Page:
The Challenge: Achieving Energy Resilience amidst compounding Shocks and Stresses
The City of the Hague’s Resilience Office calculated what the European energy crisis meant for its inhabitants at the beginning of the winter. If energy prices stayed the same, a third of the city wouldn’t be able to pay its bills.
Around the world, cities are facing stark realities when it comes to their energy systems. High prices emanating from energy crises, increased demand from growing urban populations and pressure to drive a clean energy transition despite national constraints, are causing cities to look for innovative ways to reshape their power production and distribution.
This past November and December, R-Cities hosted its first PowerXChange sessions, the latest knowledge exchange series for members of the Resilient Cities Network (R-Cities). Focused on urban energy resilience, PowerXChange gives cities a forum to discuss energy challenges and share innovative solutions being implemented in the cities leading the urban energy transition.
Small-scale solutions lead to large scale change – The Hague, Netherlands
As Jesse van Velzen from The Hague’s Office of Resilience shared during the first PowerXChange, like many cities, The Hague is facing the need for a quick energy transition. In addition to modifying energy production, the Office of Resilience started to think about how it could also influence consumption, and in doing so accelerate the transition. Conventional communication methods had provided limited results in terms of reaching communities and encouraging behavioral change, so the Office instead turned to small-scale resilience solutions, starting with the implementation of a Resilient Streetlab on a particularly vulnerable street. A manned kiosk was placed on the street in order to create more accessible and convenient channels of communication between residents and municipal workers about energy reduction measures.
At first, residents were slow to engage with the kiosk, but then the Office got creative. Recognizing that building trust is a crucial first step towards meaningful discourse, the office began implementing various interventions in the street, including planting trees and greening facades. The trust, relationships and conversations these actions fostered proved highly impactful. By the time the Streetlab was removed, more and more residents in the street had started to implement energy reduction measures in their own homes.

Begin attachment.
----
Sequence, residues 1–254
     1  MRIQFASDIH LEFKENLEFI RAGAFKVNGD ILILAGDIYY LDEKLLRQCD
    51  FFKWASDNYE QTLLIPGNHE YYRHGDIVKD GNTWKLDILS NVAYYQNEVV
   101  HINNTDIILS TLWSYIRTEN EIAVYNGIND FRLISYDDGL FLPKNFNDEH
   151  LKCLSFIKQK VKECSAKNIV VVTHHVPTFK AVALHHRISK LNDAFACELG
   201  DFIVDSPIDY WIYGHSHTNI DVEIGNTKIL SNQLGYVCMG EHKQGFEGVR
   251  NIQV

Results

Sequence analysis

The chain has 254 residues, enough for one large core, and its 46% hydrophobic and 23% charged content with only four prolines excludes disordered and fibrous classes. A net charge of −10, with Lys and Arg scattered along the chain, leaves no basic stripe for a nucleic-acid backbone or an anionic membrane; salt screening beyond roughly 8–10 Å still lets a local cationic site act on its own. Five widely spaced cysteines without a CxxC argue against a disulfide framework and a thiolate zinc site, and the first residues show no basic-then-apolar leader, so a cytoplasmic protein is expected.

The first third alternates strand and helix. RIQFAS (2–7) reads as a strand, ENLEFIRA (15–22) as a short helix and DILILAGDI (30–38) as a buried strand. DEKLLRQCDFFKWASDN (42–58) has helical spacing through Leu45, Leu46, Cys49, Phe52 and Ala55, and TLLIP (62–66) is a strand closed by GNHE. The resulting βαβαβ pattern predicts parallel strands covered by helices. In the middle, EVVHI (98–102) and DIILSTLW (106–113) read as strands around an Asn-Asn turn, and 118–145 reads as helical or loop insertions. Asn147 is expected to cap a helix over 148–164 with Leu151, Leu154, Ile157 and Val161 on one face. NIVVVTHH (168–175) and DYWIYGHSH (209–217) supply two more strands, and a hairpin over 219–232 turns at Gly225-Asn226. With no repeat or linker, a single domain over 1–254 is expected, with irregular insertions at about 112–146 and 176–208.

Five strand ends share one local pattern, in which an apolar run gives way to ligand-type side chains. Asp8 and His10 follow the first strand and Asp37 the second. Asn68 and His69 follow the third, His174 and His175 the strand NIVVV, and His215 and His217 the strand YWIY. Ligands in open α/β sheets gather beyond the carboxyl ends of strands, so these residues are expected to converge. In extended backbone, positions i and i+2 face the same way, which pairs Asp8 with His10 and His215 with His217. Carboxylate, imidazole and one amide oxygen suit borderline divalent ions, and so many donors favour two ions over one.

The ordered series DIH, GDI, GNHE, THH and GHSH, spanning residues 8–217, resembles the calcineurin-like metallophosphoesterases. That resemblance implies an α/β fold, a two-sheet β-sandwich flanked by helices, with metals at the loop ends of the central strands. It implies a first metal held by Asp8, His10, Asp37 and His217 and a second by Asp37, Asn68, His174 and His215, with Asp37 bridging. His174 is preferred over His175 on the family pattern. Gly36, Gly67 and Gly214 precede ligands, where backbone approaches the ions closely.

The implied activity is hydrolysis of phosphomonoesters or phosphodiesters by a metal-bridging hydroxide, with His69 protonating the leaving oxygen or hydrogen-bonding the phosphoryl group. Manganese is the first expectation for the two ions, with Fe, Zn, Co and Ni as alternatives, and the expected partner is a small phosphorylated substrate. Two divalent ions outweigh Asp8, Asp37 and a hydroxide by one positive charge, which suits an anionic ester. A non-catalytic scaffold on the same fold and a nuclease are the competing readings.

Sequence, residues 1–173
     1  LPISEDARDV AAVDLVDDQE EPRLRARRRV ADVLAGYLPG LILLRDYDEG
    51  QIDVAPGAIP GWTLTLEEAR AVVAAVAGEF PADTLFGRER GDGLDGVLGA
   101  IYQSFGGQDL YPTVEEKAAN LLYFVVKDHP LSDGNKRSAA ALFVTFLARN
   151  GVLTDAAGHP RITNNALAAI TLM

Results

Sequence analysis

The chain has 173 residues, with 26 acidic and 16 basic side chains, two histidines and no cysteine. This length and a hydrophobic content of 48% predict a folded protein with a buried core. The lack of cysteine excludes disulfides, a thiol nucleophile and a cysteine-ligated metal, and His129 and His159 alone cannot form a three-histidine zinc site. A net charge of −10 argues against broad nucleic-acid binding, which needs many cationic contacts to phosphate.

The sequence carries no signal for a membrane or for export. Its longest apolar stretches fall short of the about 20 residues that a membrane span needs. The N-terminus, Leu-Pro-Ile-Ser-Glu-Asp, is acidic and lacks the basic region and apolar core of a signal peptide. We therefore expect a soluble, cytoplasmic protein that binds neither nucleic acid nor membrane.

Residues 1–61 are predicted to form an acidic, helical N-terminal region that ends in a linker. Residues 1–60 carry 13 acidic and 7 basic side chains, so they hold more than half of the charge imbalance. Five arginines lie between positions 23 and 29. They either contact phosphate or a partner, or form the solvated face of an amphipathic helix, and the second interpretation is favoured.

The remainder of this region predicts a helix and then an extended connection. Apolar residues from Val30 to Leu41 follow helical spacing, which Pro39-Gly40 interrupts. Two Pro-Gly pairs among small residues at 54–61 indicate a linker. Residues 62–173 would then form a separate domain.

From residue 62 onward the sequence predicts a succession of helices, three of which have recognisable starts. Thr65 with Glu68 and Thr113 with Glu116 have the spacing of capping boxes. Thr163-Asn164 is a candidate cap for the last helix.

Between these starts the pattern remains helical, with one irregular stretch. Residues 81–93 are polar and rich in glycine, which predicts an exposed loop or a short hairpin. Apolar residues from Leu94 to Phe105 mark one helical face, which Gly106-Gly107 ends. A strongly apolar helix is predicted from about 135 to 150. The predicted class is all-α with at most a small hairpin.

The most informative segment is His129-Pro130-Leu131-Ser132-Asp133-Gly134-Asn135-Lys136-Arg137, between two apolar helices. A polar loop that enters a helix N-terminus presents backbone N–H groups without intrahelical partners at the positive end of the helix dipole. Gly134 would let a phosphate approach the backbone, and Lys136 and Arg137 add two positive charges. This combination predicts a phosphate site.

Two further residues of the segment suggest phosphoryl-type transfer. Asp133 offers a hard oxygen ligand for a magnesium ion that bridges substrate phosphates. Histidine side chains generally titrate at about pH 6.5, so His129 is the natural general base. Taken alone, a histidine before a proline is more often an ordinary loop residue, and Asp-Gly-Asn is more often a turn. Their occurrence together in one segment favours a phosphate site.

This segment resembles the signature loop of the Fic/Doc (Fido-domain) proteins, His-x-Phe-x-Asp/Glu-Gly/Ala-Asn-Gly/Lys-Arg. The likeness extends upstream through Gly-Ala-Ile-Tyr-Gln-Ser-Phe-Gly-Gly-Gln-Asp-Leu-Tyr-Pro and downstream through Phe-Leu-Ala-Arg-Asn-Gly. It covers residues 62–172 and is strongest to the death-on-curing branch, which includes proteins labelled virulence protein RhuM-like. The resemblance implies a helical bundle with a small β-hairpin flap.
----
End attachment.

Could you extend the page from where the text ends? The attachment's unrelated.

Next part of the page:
Crowd sourcing for Innovation – Lagos, Nigeria
Power is one of the biggest infrastructure problems in Lagos and the State primarily depends on the National Grid: 900-1000 MW of energy is received from the two residential distribution companies (DisCos) in the state. According to the State’s Integrated Resource Plan, an estimated 31% of households are connected to the National Grid, with the remaining 69% either off-grid or lacking legal connections.
In the Second PowerXChange meeting, Mariam Ogunkoya, a senior Scientific Officer of Lagos State Ministry of Energy and Mineral Resources, shared Lagos’ experience hosting a smart metering hackathon in 2020. The hackathon leveraged the state’s young talent to design smart meters that can be produced locally and distributed across Lagos State. Once produced, these smart meters will permit the State Government to track and analyze consumption, providing real-time data and remote monitoring across the city, and ensuring the aggregated commercial technical and collection losses which plague the resident DisCos are reduced.
Understanding the energy system is key to its resilience. As Pedro Rolim, Manager of Sustainability and Resilience for the Executive Office of Rio de Janeiro, who presented at the second PowerXChange session said: “Without data on our current situation, we don’t have a goal to pursue.”
Knowledge Exchange for Increased Understanding
The PowerXChange sessions are hosted under Urban Power, an R-Cities program focused on enhancing and expanding urban energy resilience. In addition to working with four network cities to critically evaluate the local energy system, this program will drive energy resilience projects that directly benefit vulnerable communities across Africa and Latin America and the Carribean. Urban Power is also developing tools that cities will be able to use to evaluate their own energy systems, which will be presented in future PowerXChange sessions.
To learn more about the program and participating cities visit: https://resilientcitiesnetwork.org/urban-power/ or email email@example.com.